Monday, 25 November 2019

The Stranger (L’étranger) by Albert Camus – Book Review





Publisher’s write-up (translated / paraphrased as necessary):

‘When the bell rang again, when the door opened, the silence in the room approaching towards me, the silence, and this strange feeling I had when I notice the young journalist before turning my eyes away. I didn’t look towards Marie. I did not have the time because the president had told me in a strange way that my head would be guillotined in a public place on behalf of the French people…’

Note: I read the book in French

I had come to know that The Stranger is a classic in French from Albert Camus from the owner of a bookstore in a lovely small town in Côte d’Azur where I bought this book. Unfortunately, I had never heard of this book or the writer but I found the subject and the plot to be interesting when I had heard it.

Our society has a lot of rules, some of them unwritten and very often, a person ends up on the wrong side of the society if these rules are not followed. The plot concerns Meursault, a person who is very different from the average person in the society. This did not affect his life till the day he needed to face the law.

The story starts with the death of his mother who is in an asylum. However, what concerned Meursault more than his mother’s death was whether it would be appropriate to smoke a cigarette in front of his mother’s corpse and was simply annoyed that most guests around were old. He returned to normalcy immediately after the funeral, be it his work, his relationship with his new girlfriend, etc. He then accepts to be a witness to testify against an Arab girlfriend of his neighbour Raymond following a discord between the two. Following these events, Meursault eventually ends up committing a murder, and problems over his attitude and indifference in general start to become a problem in front of the judge.

The author has created an interesting character in Meursault, who is an anti-hero with whom the reader does not share much sympathies from the outset. Even if he is not like the other people in the society (for example, he doesn’t cry for his mother’s death), one can only think if it is a reason good enough to be condemned, especially where a lot of people think that his indifference is an even bigger issue than the murder he had committed. The author made me think on this aspect, and of course, I did find the attitude of Meursault bizarre but at the same time, not following a societal convention the violation of which harms nobody else should not lead to condemnation – and I found it very interesting that these aspects made me regain sympathy for Meursault during the course of the plot which he had lost immediately after the start.

I liked the manner in which the author brought out how Meursault’s detached himself from every dire situation, and what had in fact helped was his indifference with people and the world at large. He remained complex as much as he was indifferent, he was not someone who could be termed a misanthrope either. Much as he was a character very well created by the author, he was also the only character and no other character in the book had even a reasonable level of depth.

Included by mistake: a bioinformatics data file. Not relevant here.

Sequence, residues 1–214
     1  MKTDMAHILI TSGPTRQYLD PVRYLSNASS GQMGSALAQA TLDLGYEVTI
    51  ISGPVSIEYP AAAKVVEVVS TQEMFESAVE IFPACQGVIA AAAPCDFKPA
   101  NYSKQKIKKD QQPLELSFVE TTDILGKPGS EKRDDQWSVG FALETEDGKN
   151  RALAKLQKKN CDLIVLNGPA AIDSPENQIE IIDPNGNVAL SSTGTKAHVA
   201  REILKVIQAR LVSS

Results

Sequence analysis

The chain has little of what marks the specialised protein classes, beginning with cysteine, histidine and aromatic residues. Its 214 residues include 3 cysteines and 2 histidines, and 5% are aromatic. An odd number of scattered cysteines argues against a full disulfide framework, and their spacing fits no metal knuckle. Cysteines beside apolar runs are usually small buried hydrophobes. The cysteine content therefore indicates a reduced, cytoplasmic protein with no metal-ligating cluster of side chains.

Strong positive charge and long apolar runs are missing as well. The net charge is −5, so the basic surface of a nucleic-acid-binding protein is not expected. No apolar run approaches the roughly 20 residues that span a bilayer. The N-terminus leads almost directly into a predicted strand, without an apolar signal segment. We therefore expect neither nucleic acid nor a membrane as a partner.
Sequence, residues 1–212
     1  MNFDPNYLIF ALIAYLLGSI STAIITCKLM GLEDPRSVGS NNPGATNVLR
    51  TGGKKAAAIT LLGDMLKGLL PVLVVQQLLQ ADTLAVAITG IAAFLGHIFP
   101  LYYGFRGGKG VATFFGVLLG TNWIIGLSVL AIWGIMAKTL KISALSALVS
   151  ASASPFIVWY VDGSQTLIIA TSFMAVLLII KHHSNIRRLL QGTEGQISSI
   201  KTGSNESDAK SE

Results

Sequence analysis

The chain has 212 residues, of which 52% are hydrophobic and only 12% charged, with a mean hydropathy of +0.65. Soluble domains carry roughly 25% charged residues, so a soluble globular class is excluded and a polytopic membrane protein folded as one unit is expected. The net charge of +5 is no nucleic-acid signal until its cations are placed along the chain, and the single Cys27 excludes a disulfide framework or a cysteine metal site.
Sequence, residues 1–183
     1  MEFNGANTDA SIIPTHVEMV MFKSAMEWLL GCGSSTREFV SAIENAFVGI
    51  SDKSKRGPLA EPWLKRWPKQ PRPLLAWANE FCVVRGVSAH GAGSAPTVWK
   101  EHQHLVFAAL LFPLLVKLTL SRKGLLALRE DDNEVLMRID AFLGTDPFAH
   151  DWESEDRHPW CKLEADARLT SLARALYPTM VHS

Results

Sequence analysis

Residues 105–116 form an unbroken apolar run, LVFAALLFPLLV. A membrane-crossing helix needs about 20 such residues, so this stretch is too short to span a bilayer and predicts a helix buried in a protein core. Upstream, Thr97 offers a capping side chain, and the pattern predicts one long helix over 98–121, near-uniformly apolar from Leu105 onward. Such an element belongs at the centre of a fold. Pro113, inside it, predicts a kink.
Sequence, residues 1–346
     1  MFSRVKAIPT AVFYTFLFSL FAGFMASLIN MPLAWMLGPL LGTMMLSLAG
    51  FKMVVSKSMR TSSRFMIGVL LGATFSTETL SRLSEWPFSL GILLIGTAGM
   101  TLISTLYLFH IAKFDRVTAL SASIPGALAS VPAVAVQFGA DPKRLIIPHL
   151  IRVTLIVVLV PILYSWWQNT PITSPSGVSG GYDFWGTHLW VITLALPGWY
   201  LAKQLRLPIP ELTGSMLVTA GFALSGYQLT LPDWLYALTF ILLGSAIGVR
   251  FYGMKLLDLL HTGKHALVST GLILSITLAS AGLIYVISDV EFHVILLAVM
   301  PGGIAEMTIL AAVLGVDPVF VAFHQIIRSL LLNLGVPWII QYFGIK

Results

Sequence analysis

The plot took place in Algeria, before its independence and even though the Arabs have a rather important role in the plot, I did not like the manner in which the author had dehumanised them – none of the Arab characters had names, no witness was an Arab (which I found to be odd), etc. One could argue that perhaps that was not the intention of the author, considering the second part was narrated by Meursault, it merely brings about the divide between the native population and the French settlers. However, I struggle to arrive at giving a benefit of doubt to the author in this case. I understand that there is a novel from Kamel Daoud – ‘The Meursault Investigation’ – where the author has given a character to each of the Arabs in the plot of The Stranger and retells the plot, and right now, I am inclined to try out this novel. Coming back to the location of the plot, much as it was in the city of Algiers, whether it was Algiers or any other city in the world, there would have hardly been a difference to the plot as the author hardly used any facets of the city in his plot.

To conclude, it is a deep and interesting novel, I am sure that a person with an excellent level of French (unlike the pidgin French I muster) might enjoy Meursault’s defence of his positions and views better. I hope it is not lost in translation in the English edition. On that note, I award the book a rating of seven on ten.

Rating – 7/10

Have a nice day,
Andy

Saturday, 2 November 2019

Sapiens: A Brief History of Humankind by Yuval Noah Harari – Book Review




‘100,000 years ago, at least six human species inhabited the earth. Today there is just one. Us. Homo sapiens.

How did our species succeed in the battle for dominance? Why did our foraging ancestors come together to create cities and kingdoms? How did we come to believe in gods, nations and human rights; to trust money, books and laws; and to be enslaved by bureaucracy, timetables and consumerism? And what will our world be like in the millennia to come?